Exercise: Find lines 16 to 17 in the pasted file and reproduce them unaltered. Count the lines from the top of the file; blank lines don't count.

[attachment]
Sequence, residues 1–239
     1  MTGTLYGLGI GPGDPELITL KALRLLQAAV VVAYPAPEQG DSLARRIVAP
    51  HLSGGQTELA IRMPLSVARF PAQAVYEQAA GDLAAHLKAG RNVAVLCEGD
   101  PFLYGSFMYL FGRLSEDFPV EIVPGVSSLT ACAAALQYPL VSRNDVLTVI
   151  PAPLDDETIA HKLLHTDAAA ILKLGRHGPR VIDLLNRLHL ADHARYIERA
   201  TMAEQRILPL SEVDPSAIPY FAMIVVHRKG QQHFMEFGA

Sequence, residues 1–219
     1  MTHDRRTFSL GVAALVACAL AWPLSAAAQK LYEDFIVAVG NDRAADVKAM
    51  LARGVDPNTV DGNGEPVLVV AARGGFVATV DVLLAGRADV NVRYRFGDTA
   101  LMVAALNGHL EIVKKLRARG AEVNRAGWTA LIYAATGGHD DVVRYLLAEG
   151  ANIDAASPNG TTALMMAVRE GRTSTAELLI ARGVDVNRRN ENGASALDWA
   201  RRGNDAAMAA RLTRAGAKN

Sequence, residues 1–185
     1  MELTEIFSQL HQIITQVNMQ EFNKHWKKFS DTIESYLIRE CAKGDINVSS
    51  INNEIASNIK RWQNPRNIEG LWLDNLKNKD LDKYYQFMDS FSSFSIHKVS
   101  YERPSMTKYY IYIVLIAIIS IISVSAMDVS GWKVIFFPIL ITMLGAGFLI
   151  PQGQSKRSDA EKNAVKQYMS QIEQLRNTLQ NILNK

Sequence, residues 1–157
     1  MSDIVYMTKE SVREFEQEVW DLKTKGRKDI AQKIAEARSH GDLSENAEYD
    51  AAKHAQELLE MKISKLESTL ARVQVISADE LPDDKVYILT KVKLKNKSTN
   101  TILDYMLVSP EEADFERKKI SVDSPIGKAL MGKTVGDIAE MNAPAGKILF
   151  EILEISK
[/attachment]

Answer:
   101  YERPSMTKYY IYIVLIAIIS IISVSAMDVS GWKVIFFPIL ITMLGAGFLI
   151  PQGQSKRSDA EKNAVKQYMS QIEQLRNTLQ NILNK